The Equine Studies program is academically rigorous as it prepares students for further education and degrees or a job in the medical industry. As a result, first-year and transfer students (internal and external) applying for acceptance into this major are required to meet the following educational standards:
Successful completion of pre-calculus or higher-level math (conditional acceptance will may be considered if the student is enrolled in a summer Pre-Calculus course)
A cumulative high school GPA of 3.4/4.0
A score of 580 or higher in the mathematics section of the SAT and 560 or higher in Evidence-Based Reading and Writing
Course # | Course Title | (Title Credits Completed)
- AFC 1001 | Academic Foundations at Centenary I | (4)
- BIO 1150 | General Biology I (CAT V) | (4)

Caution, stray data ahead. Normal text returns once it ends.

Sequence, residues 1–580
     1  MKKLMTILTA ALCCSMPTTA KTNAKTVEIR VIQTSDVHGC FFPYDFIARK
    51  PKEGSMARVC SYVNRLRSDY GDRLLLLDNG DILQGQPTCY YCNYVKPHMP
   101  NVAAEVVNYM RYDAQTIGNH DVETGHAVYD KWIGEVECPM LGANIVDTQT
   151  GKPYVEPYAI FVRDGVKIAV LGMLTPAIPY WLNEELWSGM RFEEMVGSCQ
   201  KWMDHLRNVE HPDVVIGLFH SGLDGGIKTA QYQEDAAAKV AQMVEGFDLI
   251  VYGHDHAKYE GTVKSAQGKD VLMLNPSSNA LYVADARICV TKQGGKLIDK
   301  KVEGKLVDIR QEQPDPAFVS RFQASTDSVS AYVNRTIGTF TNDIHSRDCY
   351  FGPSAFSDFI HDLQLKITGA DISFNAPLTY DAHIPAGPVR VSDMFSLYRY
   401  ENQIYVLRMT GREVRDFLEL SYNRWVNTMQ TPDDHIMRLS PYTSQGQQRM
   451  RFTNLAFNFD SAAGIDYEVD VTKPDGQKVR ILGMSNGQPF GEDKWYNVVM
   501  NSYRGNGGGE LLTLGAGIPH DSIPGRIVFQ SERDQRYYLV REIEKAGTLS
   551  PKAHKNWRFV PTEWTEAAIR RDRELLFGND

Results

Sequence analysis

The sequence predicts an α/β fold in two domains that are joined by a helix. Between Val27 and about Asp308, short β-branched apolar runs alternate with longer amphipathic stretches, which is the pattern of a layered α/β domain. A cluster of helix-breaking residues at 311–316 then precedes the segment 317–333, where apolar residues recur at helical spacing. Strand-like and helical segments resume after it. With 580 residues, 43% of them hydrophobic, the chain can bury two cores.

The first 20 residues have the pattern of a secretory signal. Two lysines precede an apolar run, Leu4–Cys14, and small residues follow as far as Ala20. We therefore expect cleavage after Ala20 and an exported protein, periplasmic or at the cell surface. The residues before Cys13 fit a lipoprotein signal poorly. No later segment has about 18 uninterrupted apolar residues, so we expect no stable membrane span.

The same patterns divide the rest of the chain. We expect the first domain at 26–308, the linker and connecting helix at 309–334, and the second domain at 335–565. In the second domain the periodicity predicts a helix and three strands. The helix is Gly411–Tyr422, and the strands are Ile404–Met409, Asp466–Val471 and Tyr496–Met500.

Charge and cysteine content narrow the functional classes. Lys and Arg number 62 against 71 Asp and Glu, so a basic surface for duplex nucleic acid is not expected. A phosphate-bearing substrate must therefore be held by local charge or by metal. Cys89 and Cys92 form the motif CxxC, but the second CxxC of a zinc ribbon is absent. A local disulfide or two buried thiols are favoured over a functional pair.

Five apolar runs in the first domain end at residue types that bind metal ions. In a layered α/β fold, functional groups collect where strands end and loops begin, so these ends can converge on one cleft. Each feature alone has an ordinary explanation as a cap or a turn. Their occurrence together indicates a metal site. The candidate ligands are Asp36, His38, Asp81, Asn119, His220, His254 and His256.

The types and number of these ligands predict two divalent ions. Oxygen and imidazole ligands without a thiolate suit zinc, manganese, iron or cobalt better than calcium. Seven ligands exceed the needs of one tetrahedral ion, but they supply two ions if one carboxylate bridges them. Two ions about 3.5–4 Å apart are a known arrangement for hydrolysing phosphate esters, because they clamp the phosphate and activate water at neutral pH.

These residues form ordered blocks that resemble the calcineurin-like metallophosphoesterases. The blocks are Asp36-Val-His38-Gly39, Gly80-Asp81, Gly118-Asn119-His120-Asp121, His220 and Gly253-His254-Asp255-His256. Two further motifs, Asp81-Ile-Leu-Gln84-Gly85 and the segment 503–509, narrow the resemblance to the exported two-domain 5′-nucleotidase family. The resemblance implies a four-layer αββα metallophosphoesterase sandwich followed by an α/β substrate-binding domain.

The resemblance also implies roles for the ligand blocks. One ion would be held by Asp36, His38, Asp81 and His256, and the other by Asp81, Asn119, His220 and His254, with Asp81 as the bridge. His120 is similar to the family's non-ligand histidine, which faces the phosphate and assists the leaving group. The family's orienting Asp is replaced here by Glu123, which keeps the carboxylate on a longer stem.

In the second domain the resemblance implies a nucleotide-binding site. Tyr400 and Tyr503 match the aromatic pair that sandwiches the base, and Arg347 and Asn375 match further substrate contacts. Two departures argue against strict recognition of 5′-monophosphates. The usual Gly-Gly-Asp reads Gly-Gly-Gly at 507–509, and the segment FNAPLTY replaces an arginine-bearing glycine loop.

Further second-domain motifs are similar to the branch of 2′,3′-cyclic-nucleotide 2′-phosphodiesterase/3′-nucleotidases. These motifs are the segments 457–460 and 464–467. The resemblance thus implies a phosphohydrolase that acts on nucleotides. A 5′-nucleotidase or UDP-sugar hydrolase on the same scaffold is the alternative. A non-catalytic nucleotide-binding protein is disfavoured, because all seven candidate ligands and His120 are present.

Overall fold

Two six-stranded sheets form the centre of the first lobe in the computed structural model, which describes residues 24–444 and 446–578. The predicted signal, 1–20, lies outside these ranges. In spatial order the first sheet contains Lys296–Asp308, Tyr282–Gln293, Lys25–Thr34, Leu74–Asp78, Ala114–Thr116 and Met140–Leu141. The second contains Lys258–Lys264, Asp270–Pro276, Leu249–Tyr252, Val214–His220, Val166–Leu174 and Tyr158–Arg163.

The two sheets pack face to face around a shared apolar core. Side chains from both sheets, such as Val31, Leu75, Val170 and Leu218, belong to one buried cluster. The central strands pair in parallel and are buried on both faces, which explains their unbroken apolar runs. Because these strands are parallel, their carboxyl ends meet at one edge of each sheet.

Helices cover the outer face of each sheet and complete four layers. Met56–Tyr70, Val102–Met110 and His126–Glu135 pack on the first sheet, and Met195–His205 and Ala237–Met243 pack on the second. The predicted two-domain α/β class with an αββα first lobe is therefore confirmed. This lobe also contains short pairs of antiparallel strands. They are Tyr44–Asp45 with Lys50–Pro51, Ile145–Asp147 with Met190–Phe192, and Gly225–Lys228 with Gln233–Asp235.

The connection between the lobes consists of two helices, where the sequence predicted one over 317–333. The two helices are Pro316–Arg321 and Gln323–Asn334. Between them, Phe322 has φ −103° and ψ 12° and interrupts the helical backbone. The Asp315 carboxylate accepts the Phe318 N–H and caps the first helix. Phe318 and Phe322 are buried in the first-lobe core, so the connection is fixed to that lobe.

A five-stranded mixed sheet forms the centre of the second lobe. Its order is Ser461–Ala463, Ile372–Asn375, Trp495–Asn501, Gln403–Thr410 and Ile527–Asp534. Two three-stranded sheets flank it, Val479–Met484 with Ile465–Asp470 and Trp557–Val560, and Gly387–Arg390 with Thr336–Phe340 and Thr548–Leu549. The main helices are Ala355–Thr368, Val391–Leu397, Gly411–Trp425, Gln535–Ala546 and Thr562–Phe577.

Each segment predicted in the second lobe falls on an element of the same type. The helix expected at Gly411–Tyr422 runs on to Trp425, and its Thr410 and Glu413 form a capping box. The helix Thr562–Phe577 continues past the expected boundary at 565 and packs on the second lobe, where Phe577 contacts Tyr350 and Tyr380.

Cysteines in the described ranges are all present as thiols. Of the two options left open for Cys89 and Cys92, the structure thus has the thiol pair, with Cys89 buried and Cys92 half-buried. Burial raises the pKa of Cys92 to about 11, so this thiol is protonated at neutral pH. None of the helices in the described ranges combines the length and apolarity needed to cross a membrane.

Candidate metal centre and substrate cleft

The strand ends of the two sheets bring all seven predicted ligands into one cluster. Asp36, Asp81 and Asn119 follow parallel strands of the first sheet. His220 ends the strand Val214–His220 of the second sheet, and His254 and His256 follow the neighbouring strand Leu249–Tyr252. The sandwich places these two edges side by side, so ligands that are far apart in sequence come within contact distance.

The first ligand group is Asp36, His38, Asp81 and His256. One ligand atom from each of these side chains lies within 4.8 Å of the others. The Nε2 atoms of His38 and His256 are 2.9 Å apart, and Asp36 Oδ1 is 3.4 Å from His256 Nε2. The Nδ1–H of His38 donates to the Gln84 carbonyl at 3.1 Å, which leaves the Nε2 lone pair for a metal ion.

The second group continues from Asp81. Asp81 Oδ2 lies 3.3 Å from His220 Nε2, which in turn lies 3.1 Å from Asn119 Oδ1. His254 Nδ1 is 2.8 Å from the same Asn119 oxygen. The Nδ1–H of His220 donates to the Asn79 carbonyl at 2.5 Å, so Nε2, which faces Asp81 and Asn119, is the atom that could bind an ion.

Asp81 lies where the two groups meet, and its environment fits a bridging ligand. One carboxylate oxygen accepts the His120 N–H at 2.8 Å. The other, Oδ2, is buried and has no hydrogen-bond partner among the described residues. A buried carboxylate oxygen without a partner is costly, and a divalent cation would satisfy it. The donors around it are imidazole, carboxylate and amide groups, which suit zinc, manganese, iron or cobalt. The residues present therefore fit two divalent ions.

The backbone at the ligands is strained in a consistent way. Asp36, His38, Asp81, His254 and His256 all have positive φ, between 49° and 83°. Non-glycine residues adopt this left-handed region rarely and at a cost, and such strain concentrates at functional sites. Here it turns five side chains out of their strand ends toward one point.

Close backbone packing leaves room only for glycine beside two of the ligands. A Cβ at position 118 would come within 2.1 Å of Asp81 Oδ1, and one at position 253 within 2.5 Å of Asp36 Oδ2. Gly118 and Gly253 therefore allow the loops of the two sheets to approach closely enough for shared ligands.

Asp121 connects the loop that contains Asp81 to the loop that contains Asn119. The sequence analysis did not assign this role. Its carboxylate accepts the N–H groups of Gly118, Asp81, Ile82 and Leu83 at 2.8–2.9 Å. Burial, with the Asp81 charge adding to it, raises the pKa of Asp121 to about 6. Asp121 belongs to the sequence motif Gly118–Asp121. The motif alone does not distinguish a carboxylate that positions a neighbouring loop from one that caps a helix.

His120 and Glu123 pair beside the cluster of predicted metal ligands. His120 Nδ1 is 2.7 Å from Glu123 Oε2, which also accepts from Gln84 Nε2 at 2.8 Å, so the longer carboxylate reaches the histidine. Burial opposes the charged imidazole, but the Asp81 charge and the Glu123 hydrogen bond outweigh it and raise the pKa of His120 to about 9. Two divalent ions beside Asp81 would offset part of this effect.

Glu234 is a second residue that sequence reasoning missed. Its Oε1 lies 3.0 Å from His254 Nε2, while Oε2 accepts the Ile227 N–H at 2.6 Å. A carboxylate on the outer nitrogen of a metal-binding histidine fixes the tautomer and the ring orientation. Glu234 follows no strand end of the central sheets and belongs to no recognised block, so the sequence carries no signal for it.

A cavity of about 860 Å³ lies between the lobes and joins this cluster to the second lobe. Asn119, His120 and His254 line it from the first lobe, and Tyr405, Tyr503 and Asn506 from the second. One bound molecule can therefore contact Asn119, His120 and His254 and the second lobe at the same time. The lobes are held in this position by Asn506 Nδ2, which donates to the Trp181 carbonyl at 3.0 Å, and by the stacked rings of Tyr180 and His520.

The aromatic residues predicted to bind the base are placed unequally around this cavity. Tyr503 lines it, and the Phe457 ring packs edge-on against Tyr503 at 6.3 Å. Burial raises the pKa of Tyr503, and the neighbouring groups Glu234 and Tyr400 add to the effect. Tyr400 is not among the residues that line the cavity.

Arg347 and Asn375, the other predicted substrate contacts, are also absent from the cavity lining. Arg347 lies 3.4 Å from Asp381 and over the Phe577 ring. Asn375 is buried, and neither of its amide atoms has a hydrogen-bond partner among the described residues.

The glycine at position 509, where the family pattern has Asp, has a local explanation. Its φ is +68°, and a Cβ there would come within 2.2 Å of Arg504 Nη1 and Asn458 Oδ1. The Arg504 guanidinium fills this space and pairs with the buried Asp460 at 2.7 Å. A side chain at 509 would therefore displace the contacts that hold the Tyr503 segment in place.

- WRI 1001/1002 | Composition & Rhetoric I or Composition & Rhetoric II | (4)
- EST 1010 | Practical Horse Management I | (4)
- EST 2012 | Equine Health I | (4)
- BIO 1160 | General Biology II | (4)
- WRI 1002/2012 | Composition & Rhetoric II or Advanced Composition | (4)
- EST 3010 | Equine Health II EST2012 | (4)
- MTH 2151 | Calculus I MTH1600 | (4)
- BIO 2200 | Anatomy and Physiology I | (4)
- BIO 3200 | Comparative Vertebrate Anatomy | (4)
- CHM 1100 | General Chemistry I MTH1600 | (4)
- MTH 1501 | Statistics I MTH1600 | (4)
- BIO 2210 | Anatomy and Physiology II BIO2200 | (4)
- BIO 3210 | Animal Physiology and Behavior BIO3200 | (4)
- CAT III | Arts and Humanities: Fine Arts | (4)
- CAT IV | Social and Behavioral Sciences | (4)
- CHM 1110 | General Chemistry II CHM1100 | (4)
- CAT VI | Democratic Citizenship | (4)
- CHM 2050 | Organic Chemistry I CHM1110 | (4)
- EST 4024 | Equine Musculoskeletal System I EST2012 | (4)
- PHY 2001 | Physics I MTH2151 | (4)
- BIO 3100 | Genetics BIO1150&1160 | (4)
- CHM 2060 | Organic Chemistry II | (4)
- EST 4025 Equine Musculoskeletal System II EST4024 | (4)